Why Coloured Asphalt, or Does Asphalt Always Have to be Black?

Individual colour design of asphalt from an architectural and aesthetic perspective, because of its effect as a signal in road construction, or as an alternative to coloured concrete surfaces is playing an increasing and hence more important role in the Central and Eastern European region. The forerunners here were initially France, England and the Benelux countries where there is higher potential because of the partly coloured design of motorways and cycling paths that are made of asphalt.

The colour scheme of the dyed asphalt was rather limited at the beginning because of universal use of (black) bitumen. Hence, for example, a brownish, more averagely attractive colour was achieved at most by adding a relatively large amount of red pigment (Figure A).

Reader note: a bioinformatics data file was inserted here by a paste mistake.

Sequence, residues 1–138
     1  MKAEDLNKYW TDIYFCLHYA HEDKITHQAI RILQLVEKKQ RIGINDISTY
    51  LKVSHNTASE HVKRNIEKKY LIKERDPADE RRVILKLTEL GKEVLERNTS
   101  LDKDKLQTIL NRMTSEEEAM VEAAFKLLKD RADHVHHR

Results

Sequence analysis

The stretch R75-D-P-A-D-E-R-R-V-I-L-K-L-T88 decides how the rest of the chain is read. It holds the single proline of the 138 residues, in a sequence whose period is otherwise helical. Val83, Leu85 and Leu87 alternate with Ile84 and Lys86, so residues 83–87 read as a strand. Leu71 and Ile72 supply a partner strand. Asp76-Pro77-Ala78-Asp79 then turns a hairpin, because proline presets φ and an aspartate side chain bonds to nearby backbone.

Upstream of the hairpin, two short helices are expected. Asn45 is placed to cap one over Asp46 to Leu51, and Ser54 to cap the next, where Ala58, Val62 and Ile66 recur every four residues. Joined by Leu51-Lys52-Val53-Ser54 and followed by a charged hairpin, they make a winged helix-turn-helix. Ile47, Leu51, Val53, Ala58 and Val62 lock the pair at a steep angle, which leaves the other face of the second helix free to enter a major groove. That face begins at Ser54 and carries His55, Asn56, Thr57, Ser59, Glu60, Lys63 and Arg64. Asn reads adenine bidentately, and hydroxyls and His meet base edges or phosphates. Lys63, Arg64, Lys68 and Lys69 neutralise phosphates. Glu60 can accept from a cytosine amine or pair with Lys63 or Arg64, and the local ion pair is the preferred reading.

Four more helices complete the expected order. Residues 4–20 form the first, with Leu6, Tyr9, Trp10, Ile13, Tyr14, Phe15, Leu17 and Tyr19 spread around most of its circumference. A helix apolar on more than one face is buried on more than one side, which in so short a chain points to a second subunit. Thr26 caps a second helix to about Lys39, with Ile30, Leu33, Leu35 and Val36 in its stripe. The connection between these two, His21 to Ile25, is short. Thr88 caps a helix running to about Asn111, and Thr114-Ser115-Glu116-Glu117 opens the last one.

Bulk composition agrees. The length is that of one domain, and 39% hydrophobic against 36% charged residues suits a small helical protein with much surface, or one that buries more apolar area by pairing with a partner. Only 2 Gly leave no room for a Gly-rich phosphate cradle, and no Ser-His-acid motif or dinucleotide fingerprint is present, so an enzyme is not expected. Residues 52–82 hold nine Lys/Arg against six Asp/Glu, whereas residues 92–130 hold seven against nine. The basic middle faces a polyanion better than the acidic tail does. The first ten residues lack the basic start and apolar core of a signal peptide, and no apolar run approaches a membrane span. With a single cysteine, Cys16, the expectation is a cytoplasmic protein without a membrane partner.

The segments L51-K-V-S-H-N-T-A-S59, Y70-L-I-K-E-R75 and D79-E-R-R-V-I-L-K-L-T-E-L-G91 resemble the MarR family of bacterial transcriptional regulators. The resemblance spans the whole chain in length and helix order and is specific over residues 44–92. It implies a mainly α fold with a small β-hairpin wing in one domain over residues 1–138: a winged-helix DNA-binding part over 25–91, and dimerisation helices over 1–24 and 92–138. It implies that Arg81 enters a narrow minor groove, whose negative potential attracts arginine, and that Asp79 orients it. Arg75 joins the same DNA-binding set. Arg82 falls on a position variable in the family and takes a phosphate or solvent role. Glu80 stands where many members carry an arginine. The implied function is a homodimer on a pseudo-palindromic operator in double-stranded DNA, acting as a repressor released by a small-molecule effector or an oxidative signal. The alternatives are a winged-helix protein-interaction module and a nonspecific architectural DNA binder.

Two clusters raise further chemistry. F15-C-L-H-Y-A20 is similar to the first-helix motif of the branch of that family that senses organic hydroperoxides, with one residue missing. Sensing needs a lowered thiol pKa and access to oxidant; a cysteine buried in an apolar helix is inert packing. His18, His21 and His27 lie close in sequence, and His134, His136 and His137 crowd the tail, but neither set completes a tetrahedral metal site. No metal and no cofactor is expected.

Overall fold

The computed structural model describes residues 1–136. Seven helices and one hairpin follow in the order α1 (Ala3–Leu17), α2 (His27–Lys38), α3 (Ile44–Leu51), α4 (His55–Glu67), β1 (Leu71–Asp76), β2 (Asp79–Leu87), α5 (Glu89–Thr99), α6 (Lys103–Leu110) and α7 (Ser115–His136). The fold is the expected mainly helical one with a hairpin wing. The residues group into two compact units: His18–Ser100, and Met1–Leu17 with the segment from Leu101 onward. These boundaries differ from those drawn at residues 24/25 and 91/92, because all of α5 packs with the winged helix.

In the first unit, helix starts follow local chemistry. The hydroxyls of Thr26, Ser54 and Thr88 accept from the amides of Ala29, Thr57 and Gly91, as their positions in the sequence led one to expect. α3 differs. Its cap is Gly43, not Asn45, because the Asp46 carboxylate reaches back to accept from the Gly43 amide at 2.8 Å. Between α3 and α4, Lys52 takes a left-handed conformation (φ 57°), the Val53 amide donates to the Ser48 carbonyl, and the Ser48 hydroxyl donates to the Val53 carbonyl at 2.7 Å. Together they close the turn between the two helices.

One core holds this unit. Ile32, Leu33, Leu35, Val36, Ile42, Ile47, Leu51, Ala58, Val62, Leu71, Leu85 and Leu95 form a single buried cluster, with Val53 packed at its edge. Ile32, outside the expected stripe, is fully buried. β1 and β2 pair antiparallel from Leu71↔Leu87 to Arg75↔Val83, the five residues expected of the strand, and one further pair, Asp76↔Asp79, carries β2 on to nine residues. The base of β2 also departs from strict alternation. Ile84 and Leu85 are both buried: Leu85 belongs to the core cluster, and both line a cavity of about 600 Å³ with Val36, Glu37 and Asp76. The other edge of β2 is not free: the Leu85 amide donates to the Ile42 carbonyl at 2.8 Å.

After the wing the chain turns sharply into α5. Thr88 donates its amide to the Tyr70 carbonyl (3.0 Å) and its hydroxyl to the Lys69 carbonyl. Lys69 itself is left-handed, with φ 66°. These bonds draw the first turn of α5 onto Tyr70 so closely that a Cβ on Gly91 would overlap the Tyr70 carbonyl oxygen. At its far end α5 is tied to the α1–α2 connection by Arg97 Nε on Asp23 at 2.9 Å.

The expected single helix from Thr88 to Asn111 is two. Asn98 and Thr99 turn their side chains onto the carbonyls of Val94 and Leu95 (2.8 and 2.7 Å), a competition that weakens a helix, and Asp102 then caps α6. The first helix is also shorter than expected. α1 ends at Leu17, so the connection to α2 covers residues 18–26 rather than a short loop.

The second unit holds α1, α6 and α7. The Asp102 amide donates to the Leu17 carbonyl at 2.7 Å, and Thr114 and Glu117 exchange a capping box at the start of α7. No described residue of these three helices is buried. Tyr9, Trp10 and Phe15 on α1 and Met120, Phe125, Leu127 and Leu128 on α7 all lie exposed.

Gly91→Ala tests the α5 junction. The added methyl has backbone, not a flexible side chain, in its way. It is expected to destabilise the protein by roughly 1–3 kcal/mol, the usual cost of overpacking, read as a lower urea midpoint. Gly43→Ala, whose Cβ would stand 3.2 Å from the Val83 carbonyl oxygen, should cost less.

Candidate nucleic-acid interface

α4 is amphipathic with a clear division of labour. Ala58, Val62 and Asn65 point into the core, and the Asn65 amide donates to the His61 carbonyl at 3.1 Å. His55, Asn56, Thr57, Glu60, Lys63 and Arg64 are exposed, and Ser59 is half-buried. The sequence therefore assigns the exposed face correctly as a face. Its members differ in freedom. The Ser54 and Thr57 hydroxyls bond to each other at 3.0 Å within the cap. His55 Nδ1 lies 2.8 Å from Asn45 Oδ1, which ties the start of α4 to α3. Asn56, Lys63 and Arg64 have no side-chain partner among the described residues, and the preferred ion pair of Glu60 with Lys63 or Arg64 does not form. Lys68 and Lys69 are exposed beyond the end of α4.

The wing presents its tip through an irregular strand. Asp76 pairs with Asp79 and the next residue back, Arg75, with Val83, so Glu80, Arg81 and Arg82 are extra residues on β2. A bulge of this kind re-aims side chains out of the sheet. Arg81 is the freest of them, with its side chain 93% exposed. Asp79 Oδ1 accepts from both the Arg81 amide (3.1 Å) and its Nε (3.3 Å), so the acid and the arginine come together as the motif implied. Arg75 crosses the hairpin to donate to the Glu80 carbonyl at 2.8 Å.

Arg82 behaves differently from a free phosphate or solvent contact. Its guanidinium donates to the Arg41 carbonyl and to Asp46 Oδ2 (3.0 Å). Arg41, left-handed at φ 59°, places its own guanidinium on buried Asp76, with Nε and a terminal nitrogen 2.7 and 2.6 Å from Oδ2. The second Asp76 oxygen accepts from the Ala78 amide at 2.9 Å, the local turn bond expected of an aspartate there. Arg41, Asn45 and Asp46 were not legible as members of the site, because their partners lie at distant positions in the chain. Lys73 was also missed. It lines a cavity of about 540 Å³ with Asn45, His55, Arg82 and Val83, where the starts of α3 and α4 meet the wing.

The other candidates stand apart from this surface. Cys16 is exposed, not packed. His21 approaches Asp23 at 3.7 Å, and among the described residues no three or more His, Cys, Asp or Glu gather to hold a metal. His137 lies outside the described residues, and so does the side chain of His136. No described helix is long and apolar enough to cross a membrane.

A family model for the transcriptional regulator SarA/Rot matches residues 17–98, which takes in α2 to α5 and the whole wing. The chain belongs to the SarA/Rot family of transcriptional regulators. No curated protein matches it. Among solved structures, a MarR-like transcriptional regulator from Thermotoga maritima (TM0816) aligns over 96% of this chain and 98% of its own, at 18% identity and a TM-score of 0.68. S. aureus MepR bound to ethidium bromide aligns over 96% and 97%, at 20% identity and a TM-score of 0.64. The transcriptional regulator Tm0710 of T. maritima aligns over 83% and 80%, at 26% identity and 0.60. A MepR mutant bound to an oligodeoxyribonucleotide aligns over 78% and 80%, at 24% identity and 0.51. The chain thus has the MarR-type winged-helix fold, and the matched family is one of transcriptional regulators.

Figure A: Asphalt with bitumen died red

The range of colours was increased tremendously with the development of a "transparent" binding agent, e.g. DEKOBIT. The pigment industry offers an almost endless multitude of colour pigments, which are also outstanding for asphalt because of their resistance to light, weather and also temperature. In combination with a great variety of mineral rocks, almost all customer wishes can be fulfilled.

More and more urban planners and architects appreciate coloured asphalt for a great variety of projects. Whether it is to match the environment or to be offbeat and modern, a great deal can be realised.

According to our motto:

 

"Colourful is our favourite colour"